Someone close to you has just received a terminal illness diagnosis. The doctor is telling them that they have a short time to live and that they should get their affairs in order. Why does it take a terminal illness to prompt us to get things organized?
Even more curious, why would you want to spend your final glorious days organizing paperwork, paying bills, and performing other tedious tasks? If you establish a system for arranging and maintaining your records, you can be confident that your affairs are in order no matter what unexpected life event comes your way.
Our 86 year old aunt lived her final years in a senior living community in Omaha, Nebraska. She was moved to the skilled nursing unit when she was diagnosed with cancer and needed a higher level of care. We traveled to Omaha for a weekend to visit with her and clear her apartment of personal items. Unfortunately, the apartment was so cluttered that we spent most of the time there making trips to the dumpster, rather than spending that time visiting and comforting her. To this day, we regret the time we lost with her.
Here are some of my favorite tips for getting organized.
- Safe Deposit Box or Waterproof/Fireproof Safe. Decide how you wish to safely and securely store those original documents that are so important – birth certificate, death certificate, marriage license, social security card, passport, estate planning documents, etc.
- Portable File Box and File Folder. We have found that plastic portable file boxes are the best way to store copies of the original documents that are stored in your safe. We also use this box to store copies of insurance policies, safe deposit box inventories, keys to the safe or safe deposit box, pension plan information, and lists of trusted professionals. The portable box makes it easy to grab and go in the event of a disaster, such as hurricane in our windstorm prone community.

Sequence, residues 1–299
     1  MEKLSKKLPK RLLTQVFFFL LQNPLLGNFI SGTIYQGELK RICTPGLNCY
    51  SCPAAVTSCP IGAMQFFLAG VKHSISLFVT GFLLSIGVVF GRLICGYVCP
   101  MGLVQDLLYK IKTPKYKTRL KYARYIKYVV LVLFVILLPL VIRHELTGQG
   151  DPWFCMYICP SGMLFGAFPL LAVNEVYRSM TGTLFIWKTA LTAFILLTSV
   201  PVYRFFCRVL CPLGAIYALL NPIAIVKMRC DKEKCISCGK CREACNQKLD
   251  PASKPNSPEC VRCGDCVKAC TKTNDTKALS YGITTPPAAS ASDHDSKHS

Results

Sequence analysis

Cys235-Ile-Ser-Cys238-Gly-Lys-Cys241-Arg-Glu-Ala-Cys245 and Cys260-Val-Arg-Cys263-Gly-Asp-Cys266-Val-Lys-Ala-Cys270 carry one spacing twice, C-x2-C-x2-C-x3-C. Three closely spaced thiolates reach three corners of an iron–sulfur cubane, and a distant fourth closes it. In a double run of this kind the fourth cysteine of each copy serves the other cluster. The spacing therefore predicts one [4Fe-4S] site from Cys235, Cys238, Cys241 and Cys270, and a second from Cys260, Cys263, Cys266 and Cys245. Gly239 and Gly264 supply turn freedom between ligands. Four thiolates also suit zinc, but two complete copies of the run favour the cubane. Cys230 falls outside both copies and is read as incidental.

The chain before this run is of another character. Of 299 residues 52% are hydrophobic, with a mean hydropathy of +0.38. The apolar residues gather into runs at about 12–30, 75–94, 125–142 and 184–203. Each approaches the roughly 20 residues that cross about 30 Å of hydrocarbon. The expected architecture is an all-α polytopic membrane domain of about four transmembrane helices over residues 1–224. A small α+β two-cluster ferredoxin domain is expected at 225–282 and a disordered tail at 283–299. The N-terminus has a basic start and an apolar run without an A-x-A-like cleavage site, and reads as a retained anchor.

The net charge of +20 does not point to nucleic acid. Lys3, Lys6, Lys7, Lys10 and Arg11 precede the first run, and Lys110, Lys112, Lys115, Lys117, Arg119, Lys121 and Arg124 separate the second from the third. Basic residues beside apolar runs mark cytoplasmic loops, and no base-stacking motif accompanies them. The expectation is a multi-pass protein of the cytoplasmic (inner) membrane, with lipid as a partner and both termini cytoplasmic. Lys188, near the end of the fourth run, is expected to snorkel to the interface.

- Trusted Professional List. Maintain an up to date list of all the professionals with whom you work. This list should include your CPA, attorney, financial advisor, insurance agent, and banker with their name, address, phone number and email address.
- Summary of Assets and Liabilities. Develop a list of assets (bank accounts, investment accounts, real estate, and personal property) and liabilities (credit cards, loans and other debts). Include contact information, beneficiaries, account holders, account signers and other pertinent information so that a family member could step in and access your assets if the need arose.
- Invest in a shredder. You never want to throw paper in the trash if it has your name, address, and other personal information on it. If you are organizing your paperwork after many years of accumulation, you should consider using a professional shredding company. They will come to your home and shred onsite or drop off and pick up shredding barrels for your convenience.
Organizing your documents is a tiring process, so don’t try and do it all on one day or even one week. Set aside some time each week and work through the paperwork a little at a time. This will allow you time to review what you have and decide if you should keep it or shred it.
For a free copy of our Document Checklist, please send me an email to firstname.lastname@example.org.
Reba Rogers, CPA, is the founder of Secure Aging, a group of care managers who preserve the independence and protect the assets of seniors by helping them with financial and care management. She is also a Director Consultant for BNI (Business Network International), a referral marketing organization which gives her access to many trusted business professionals in the community.